The prodigal son returns! The Retroid Pocket 2 is a handheld that needs no introduction. It swept the portable emulation scene by storm in 2020, and was responsible for kickstarting Retro Handhelds as it exists today. The Android-based handheld remained a popular choice all throughout 2021, even as it’s competitors flooded the market with a bevy of RK3326 derivatives. When Moorechip and the Retroid team announced they were taking another run at the iconic formfactor with the Retroid Pocket 2+, we naturally found ourselves among the fans eager to see what sort of enhancements the revised handheld would bring.
There’s a variety of options a device manufacturer needs to consider when making a new handheld. What sort of formfactor are you going to give it? How big will the screen be? What configuration will the controls be in? There are numerous choices to be made, and each will speak to a different subset of players. Chief among these concerns however are two important criteria: What’s the handheld’s performance, and how much is it going to cost?
The previous generation of handhelds was characterized by a noted performance barrier. The Retroid Pocket 2 and other RK3326 handhelds could play PlayStation 1 games capably, and a small subset of the Nintendo 64, Sega Dreamcast, and PlayStation Portable libraries. The Retroid Pocket 2+ seeks to close this gap, and leveraging a Unison Tiger T310 system on a chip to provide a noted increase in performance. While this is not the most common mobile processor, the T310 provides excellent emulation performance to the majority of the N64, DC, and PSP libraries. Not satisfied there, the Retroid Pocket 2+ also allows players to enjoy some Sega Saturn, Nintendo GameCube, and PlayStation 2 games while on the go.
Portable GameCube emulation is the next white whale for the retro handheld scene. The fact that a pocketable handheld with a 3.5″ screen can play even a subset of the platform is remarkable, and it would be understandable if this leap forward in performance raised concerns about a similar leap forward in price.
So color us pleased to find that the Retroid Pocket 2+ can be purchased from GoRetroid.com for $99 USD (with $12 USD shipping). That’s not a typo. In a rare move for this niche hobby, Retroid has gone ahead and marked down the remainder of their Retroid Pocket 2 stock to the clearance price of $65 USD. The new and improved handheld takes its place as their hundred dollar offering, and immediately puts the rest of its competitors on notice.
In a win for repairability and and acknowledgment of how popular their original model proved to be, Retroid has also made the unusual move of offering up a Retroid Pocket 2+ PCB Upgrade Kit. For $65 USD, existing Retroid Pocket 2+ owners can swap out the internals of their original handheld and swap in the supercharged components. It’s an exciting time for the scene, so let’s go ahead and dig into the details.
The standout feature of the Retroid Pocket 2+ is its UNISOC Tiger T310 system on a chip. This quad core SOC features a single high performance 2.0 GHz core, as well as three 1.8 GHz cores. The T310 runs laps around the Retroid Pocket 2’s original 1.5 GHz quad core processor, and handily outperforms the 1.3-1.5 GHz quad core processor found in RK3326-based handhelds like Anbernic’s RG351 line. The T310 is no slouch when compared to other newly released handhelds either. The Retroid Pocket 2+ manages to eke out a few extra gigahertz when compared to Anbernic’s twice-as-expensive RG552 and its RK3399 chip. It doesn’t perform as well as the Powkiddy x18s or any configuration of the larger Odin handheld, but those devices also cost orders of magnitude more than the RP2+. As we’ll find in the performance section, it’s impressive just how many systems this handheld manages to effortlessly handle for a sub-$99 device.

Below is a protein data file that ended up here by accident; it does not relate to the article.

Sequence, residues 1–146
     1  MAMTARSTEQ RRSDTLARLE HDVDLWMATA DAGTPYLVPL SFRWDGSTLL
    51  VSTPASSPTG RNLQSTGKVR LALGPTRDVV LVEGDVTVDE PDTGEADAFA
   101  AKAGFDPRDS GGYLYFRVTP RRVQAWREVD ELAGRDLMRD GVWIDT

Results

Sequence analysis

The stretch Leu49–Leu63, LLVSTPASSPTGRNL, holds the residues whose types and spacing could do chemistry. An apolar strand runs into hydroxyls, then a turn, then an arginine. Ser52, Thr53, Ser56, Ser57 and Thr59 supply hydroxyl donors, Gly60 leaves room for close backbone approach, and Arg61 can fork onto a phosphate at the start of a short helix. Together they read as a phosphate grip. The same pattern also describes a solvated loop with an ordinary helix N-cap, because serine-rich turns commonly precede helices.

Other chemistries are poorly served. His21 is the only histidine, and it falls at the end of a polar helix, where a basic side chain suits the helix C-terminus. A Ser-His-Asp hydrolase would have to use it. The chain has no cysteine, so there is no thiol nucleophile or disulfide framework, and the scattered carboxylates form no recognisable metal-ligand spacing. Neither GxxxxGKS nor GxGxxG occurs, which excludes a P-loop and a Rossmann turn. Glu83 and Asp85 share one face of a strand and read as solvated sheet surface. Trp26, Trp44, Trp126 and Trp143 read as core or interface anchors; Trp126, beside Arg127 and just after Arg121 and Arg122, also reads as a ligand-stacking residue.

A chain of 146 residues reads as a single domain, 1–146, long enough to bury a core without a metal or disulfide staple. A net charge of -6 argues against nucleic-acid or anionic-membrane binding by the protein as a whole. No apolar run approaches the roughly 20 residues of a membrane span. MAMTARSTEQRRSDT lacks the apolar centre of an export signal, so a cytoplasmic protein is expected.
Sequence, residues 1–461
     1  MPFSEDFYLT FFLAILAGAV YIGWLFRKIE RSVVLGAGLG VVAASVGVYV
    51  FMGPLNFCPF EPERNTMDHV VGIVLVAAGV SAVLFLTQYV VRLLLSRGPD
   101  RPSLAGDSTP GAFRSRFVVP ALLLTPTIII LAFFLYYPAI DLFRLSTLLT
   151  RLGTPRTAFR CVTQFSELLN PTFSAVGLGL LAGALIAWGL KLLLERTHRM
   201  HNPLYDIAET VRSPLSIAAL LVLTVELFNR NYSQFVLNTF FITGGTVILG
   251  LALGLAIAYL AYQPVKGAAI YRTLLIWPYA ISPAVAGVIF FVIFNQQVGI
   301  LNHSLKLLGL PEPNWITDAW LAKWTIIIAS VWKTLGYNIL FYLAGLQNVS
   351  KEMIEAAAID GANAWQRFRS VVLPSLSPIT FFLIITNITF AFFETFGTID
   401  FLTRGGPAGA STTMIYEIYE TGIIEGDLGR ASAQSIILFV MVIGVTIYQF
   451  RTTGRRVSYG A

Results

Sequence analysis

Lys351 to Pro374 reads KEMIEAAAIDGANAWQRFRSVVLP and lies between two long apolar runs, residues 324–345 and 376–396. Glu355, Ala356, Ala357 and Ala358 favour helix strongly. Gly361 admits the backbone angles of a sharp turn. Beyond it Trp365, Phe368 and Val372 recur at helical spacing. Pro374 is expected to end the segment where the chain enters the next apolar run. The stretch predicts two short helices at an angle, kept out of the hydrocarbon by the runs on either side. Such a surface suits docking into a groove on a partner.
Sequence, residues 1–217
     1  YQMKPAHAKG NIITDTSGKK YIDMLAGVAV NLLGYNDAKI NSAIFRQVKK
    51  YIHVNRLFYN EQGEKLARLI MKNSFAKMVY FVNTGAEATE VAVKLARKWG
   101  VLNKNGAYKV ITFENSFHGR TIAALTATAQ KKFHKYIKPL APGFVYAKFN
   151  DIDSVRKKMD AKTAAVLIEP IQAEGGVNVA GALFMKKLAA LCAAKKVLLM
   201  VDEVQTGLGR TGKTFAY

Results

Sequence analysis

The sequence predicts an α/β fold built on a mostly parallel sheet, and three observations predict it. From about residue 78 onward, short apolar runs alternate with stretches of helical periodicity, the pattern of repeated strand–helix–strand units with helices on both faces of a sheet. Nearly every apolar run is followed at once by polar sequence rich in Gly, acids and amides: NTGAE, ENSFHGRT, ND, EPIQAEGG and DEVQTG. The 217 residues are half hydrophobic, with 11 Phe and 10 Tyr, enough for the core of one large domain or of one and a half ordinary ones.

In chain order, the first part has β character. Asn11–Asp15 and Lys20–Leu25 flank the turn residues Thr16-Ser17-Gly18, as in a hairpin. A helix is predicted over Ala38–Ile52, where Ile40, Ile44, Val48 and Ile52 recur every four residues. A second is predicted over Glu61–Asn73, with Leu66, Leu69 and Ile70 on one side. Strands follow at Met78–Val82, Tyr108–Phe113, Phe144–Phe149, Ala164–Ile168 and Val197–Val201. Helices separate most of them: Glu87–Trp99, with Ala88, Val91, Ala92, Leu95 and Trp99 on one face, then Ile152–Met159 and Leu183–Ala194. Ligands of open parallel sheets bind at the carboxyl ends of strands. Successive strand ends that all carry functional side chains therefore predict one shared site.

On the graphics side of things, the Retroid Pocket 2+ has a PowerVR GE8300 GPU clocked at 800 MHz. The handheld has 2GB of RAM, which proved enough for nearly every application we tested. In a welcome change, the Retroid Pocket 2+ has WiFi 5 and Bluetooth 4 built in. No extra dongles are needed here, and the wireless performance is not likely to be the limiting factor if you decide to give streaming services a try.
Rounding out the internals, the RP2+ sees the return of the rumble motor that was originally planned for the RP2. We’re happy to report that it functions well across a variety of emulators, and delivers a nice buzz without being too loud. Like many Android-based, mobile-inspired handhelds, the RP2+ also has an orientation gyroscope that can be used for motion-based tilt controls in some games.
So the inside of the Retroid Pocket 2+ is all new, but you’d be forgiven for assuming that the exterior components haven’t changed much. The RP2+ looks visually identical to the RP2, up to the point that the silkscreen on the front of the device still just reads “Retroid Pocket 2”. Thankfully the Retroid team has heard the community’s feedback, and has made a variety of significant and welcome changes to the exterior of the Retroid Pocket 2+.
One of the largest criticisms of the original Retroid Pocket 2 was the cumbersome nature of navigating the device with a virtual touch cursor. Android has decent support for navigating the operating system with controller buttons, but there were still enough edge cases to frustrate some users. Those players can rest easy, because the Retroid Pocket 2+ comes equipped with a shiny new touchscreen. Everything else users loved about the original display stays the same. It retains the pocketable 3.5″ size, the emulation friendly 4:3 aspect ratio, and the crystal clear 640 x 480 IPS screen. While most of Retroid’s competitors are chasing Switch Lite-sized 5″+ handhelds, the Retroid Pocket 2+ is keeping a torch lit for players who are looking for a high performance device in a small package.